Peter Gamble aka "Peter the eater"

I just made a cornish game hen with chestnut stuffing. . .

Would you believe a pigeon stuffed with spam? . . .

Would you believe a rat filled with cough drops?

Moe Sizlack

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"You guys are definitely filling a void in Fredericton's scene"

Curious....have you ever eaten at Brewbakers restaurant?  What did you think if have?

(Sorry, been a while since i've been online...)

I've eaten at Brewbakers quite a few times, and think they're great. I consider them on par with the Palate, both of which are just slightly below the Maverick room, IMHO. In the summer, though, it's hard to beat Brewbaker's rooftop patio! :smile:

They've got a great wine list and interesting menu choices. Their duck and demiglace pizza is a great lunch. :wub:

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I'll pipe in and add a couple of suggestions. With my job I have traveled, and eaten, extensively in 19 other countries over the last 36 years and watched the evolution of the dining experience here in the Maritimes from a participant's and a diner's point of view. Sadly, I will be retiring the end of this week to a lake south of Fredericton and I won't have the opportunities to sample any more. (In some cases, this would be a great thing).

I agree with many of the choices and observations on this thread and I'll add two:

For authentic Hong Kong style Cantonese food, the "Silvery Moon" in Riverview is beyond compare. To me, it's the only place that serves "Chinese" food in the maritimes. Given enough notice, they can produce items that will transport you back to Old Kowloon, where the owners were very successful restauranteurs in a very tough market. If you go there to order s&s chicken balls, or garlic spare ribs, or combo slop, stay away and go to the nearest take out.

For good old Maritime fried seafoods, go to "Comeau's Seafoods" on the Pennfield strip, 35 miles west of SJ. Makes Ossie's look like stingy, miserly amateurs.

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I will be in Halifax over the Easter weekend. Although I used to spend a lot of time there on business, I haven't been back for about 5 years. Are there any "Not to be missed" meals? Any old standards that aren't so good, or have changed for the better? Rec's for fine dining for one night, maybe as there is a 7 year old involved?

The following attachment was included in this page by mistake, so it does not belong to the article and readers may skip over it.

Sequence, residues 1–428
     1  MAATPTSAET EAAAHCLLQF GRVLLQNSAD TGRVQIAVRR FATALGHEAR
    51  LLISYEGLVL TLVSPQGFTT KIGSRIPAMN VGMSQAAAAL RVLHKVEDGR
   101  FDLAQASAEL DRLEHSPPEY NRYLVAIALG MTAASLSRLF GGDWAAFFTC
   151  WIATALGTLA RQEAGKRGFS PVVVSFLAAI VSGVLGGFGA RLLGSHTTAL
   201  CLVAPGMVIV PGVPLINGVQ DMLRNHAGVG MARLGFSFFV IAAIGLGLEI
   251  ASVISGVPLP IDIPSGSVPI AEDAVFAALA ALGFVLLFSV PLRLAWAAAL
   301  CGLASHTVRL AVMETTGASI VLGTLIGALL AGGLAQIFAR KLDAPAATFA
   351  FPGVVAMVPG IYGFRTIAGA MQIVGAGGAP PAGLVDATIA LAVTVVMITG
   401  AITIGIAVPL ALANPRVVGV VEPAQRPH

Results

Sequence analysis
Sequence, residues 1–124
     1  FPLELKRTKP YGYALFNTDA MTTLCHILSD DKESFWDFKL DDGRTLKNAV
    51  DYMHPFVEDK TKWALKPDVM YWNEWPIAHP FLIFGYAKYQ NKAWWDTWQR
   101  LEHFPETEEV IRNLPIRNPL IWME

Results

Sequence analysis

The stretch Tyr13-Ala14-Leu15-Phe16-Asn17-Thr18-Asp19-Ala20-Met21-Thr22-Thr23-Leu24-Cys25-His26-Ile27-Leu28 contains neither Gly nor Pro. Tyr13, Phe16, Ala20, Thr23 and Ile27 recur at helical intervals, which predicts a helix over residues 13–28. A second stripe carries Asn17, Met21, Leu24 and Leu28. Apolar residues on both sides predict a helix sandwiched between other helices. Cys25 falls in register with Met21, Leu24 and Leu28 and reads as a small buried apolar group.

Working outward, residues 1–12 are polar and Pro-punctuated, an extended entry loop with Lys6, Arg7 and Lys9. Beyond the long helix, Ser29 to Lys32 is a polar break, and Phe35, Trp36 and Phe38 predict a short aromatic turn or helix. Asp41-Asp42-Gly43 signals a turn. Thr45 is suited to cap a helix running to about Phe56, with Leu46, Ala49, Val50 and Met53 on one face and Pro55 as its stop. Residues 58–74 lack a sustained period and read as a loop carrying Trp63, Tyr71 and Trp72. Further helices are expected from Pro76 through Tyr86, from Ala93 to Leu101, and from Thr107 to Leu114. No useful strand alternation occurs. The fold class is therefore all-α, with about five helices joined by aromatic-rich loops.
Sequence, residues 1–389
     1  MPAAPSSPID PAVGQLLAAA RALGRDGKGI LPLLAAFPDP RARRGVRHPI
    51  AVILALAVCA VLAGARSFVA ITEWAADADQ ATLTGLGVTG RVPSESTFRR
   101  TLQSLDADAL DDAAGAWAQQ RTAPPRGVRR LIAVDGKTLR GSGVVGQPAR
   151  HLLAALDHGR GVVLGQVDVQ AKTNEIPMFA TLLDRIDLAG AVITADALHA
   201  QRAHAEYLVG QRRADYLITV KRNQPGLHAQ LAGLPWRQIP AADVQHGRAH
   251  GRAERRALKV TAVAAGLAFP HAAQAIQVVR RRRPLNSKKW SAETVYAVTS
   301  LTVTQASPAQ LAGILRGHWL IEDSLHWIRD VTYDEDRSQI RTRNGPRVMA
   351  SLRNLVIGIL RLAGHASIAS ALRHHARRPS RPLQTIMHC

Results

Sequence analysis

Barbara Laidlaw aka "Jake"

Good friends help you move, real friends help you move bodies.

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will be in Halifax over the Easter weekend. Although I used to spend a lot of time there on business, I haven't been back for about 5 years. Are there any "Not to be missed" meals? Any old standards that aren't so good, or have changed for the better? Rec's for fine dining for one night, maybe as there is a 7 year old involved?


Barbara Laidlaw aka "Jake"

Good friends help you move, real friends help you move bodies.

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will be in Halifax over the Easter weekend. Although I used to spend a lot of time there on business, I haven't been back for about 5 years. Are there any "Not to be missed" meals? Any old standards that aren't so good, or have changed for the better? Rec's for fine dining for one night, maybe as there is a 7 year old involved?

We had a nice meal at Fid. we had a VERY nice meal at Fleur de Sel, in Lunenberg. We had a nice meal at Gio, in the Prince George hotel.


"Bells will ring, ting-a-ling-a-ling, ting.... the bell... bing... 'moray" -John Daker

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Wow, is Gio still there? cool. I used to stay at the Prince George all the time. Not sure that'll work with my nephew, but we'll see.


Barbara Laidlaw aka "Jake"

Good friends help you move, real friends help you move bodies.

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I just spent a week in Moncton and had a couple of good food experiences.

Had dinner at Little Louis' Oyster Bar, it was a really nice restaurant. After two days of Board meetings I started the evening off with a Grey goose martini - it definitely took the edge off. The service was pleasant, the food was tasty and the wine list was a pleasure. Dessert was delicious too.

Also spent a couple of evenings at the Pump House Brewery watching the hockey games. Go Sens Go! They make their own beer which was definitely drinkable and they have a wood burning pizza oven, and they were worth the trip - nice thin crust and fresh ingredients. Had the bison burger on focaccia another night and it was good too.

We found two nice coffee spots - Joe Moka and Café Cognito - both served up some nice full bodied fresh coffee. They were located very close to the Delta Beausejour.


Dawn aka shrek

Let the eating begin!

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Wow, is Gio still there?  cool.  I used to stay at the Prince George all the time.  Not sure that'll work with my nephew, but we'll see.

A bit late, but apparently Gio's been recently renovated as a showcase for executive chef Ray Bear. I hear very good things...

Also worth visiting, by all accounts, is Tempest in Wolfville.


“What is called sound economics is very often what mirrors the needs of the respectably affluent.” - John Kenneth Galbraith

 

"Not knowing the scope of your own ignorance is part of the human condition...The first rule of the Dunning-Kruger club is you don’t know you’re a member of the Dunning-Kruger club.” - psychologist David Dunning

 

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My partner and I had dinner at fid last Thursday night, and it was certainly the best meal we've ever eaten east of Quebec City. For whatever reason, we were the only ones in the dining room for most of the meal, so we got a lot of personal attention from chef Dennis Johnston: he took us into the kitchen to show us around, encouraged us to order off-menu and spent a lot of time just chatting with us, telling us lots of stories of other restaurants he's cooked at and other people in the business.